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By Ben Wittick (1845–1903) - Brian Lebel's Old West Show and Auction, Public Domain, Wikimedia Commons
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Photo of Billy the Kid and Pat Garrett, Purchased for $10, Could Be Worth Millions
By Ben Wittick (1845–1903) - Brian Lebel's Old West Show and Auction, Public Domain, Wikimedia Commons
By Ben Wittick (1845–1903) - Brian Lebel's Old West Show and Auction, Public Domain, Wikimedia Commons

Several years ago, Randy Guijarro paid $2 for a few old photographs he found in an antiques shop in Fresno, California. In 2015, it was determined that one of those photos—said to be the second verified picture ever found of Billy the Kid—could fetch the lucky thrifter as much as $5 million. That story now sounds familiar to Frank Abrams, a lawyer from North Carolina who purchased his own photo of the legendary outlaw at a flea market in 2011. It turns out that the tintype, which he paid $10 for, is thought to be an image of Billy and Pat Garrett (the sheriff who would eventually kill him) taken in 1880. Like Guijarro’s find, experts say Abrams’s photo could be worth millions.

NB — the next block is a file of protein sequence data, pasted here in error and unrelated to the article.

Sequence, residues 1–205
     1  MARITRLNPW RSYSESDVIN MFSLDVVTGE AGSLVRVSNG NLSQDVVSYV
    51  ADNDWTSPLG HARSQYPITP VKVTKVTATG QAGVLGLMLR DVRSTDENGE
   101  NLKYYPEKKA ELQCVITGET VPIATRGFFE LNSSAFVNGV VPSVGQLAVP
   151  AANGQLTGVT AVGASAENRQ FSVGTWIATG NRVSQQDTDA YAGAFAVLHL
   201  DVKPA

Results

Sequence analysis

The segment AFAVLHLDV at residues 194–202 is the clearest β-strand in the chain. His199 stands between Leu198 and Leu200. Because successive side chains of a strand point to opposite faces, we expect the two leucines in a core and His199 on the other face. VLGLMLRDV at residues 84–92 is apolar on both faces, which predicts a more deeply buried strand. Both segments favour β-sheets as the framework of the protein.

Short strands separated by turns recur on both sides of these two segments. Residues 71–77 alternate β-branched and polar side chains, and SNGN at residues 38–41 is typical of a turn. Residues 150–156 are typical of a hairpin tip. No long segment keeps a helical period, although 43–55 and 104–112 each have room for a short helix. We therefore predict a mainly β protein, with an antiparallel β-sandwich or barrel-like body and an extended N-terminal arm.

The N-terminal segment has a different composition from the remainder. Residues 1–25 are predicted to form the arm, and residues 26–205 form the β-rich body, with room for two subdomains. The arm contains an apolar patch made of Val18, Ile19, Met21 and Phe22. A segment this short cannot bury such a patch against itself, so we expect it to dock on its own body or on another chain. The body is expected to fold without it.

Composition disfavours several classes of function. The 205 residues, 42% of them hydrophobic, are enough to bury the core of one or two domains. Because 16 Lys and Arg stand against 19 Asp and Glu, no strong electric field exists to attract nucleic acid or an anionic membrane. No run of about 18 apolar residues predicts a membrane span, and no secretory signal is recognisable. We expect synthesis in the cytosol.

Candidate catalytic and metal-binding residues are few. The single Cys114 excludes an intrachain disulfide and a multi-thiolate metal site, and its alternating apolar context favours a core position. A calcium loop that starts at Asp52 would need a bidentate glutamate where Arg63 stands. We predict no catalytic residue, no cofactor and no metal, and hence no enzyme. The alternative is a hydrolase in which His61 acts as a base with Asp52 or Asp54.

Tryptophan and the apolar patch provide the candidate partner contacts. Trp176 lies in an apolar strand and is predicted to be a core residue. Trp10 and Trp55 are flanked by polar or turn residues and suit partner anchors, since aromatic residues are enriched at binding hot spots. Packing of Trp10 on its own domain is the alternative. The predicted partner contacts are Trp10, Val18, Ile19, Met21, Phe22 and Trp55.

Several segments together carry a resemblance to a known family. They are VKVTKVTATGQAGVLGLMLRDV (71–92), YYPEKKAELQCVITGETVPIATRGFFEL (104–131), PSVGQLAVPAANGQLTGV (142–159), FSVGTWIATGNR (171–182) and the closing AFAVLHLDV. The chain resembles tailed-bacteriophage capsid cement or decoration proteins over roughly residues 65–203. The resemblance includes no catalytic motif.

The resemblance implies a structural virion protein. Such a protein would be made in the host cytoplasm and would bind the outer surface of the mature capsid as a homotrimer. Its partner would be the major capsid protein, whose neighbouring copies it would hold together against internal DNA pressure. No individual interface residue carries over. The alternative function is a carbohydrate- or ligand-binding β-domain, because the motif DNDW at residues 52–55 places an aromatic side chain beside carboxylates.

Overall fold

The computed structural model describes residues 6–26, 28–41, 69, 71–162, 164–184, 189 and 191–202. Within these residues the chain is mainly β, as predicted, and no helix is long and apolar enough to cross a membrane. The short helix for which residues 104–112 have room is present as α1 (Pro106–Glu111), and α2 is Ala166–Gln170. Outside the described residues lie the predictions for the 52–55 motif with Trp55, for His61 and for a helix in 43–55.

The discovery is as much a surprise to Abrams as anyone. As The New York Times reports, what drew Abrams to the photo was the fact that it was a tintype, a metal photographic image that was popular in the Wild West. Abrams didn’t recognize any of the men in the image, but he liked it and hung it on a wall in his home, which is where it was when an Airbnb guest joked that it might be a photo of Jesse James. He wasn’t too far off.

Using Google as his main research tool, Abrams attempted to find out if there was any famous face in that photo, and quickly realized that it was Pat Garrett. According to The New York Times:

Then, Mr. Abrams began to wonder about the man in the back with the prominent Adam’s apple. He eventually showed the tintype to Robert Stahl, a retired professor at Arizona State University and an expert on Billy the Kid.

Mr. Stahl encouraged Mr. Abrams to show the image to experts.

William Dunniway, a tintype expert, said the photograph was almost certainly taken between 1875 and 1880. “Everything matches: the plate, the clothing, the firearm,” he said in a phone interview. Mr. Dunniway worked with a forensics expert, Kent Gibson, to conclude that Billy the Kid and Mr. Garrett were indeed pictured.

Abrams, who is a criminal defense lawyer, described the process of investigating the history of the photo as akin to “taking on the biggest case you could ever imagine.” And while he’s thrilled that his epic flea market find could produce a major monetary windfall, don’t expect to see the image hitting the auction block any time soon. 

"Other people, they want to speculate from here to kingdom come,” Abrams told The New York Times of how much the photo, which he has not yet had valuated, might be worth. “I don’t know what it’s worth. I love history. It’s a privilege to have something like this.”

[h/t: The New York Times]